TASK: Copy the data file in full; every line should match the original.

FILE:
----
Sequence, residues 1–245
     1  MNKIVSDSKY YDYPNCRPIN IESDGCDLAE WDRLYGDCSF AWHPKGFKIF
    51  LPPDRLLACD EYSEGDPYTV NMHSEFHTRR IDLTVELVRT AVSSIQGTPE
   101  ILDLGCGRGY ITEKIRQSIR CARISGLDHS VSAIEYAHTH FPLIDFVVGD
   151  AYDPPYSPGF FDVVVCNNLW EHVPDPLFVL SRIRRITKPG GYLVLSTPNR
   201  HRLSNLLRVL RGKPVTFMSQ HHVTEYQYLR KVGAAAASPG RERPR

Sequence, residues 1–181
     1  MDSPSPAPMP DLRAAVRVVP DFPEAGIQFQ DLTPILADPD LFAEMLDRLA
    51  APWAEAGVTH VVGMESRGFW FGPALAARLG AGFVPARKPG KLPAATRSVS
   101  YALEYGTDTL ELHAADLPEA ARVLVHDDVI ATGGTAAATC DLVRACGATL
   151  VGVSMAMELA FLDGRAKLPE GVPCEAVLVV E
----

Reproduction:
Sequence, residues 1–245
     1  MNKIVSDSKY YDYPNCRPIN IESDGCDLAE WDRLYGDCSF AWHPKGFKIF
    51  LPPDRLLACD EYSEGDPYTV NMHSEFHTRR IDLTVELVRT AVSSIQGTPE
   101  ILDLGCGRGY ITEKIRQSIR CARISGLDHS VSAIEYAHTH FPLIDFVVGD
   151  AYDPPYSPGF FDVVVCNNLW EHVPDPLFVL SRIRRITKPG GYLVLSTPNR
   201  HRLSNLLRVL RGKPVTFMSQ HHVTEYQYLR KVGAAAASPG RERPR

Sequence, residues 1–181
     1  MDSPSPAPMP DLRAAVRVVP DFPEAGIQFQ DLTPILADPD LFAEMLDRLA
    51  APWAEAGVTH VVGMESRGFW FGPALAARLG AGFVPARKPG KLPAATRSVS
   101  YALEYGTDTL ELHAADLPEA ARVLVHDDVI ATGGTAAATC DLVRACGATL
   151  VGVSMAMELA FLDGRAKLPE GVPCEAVLVV E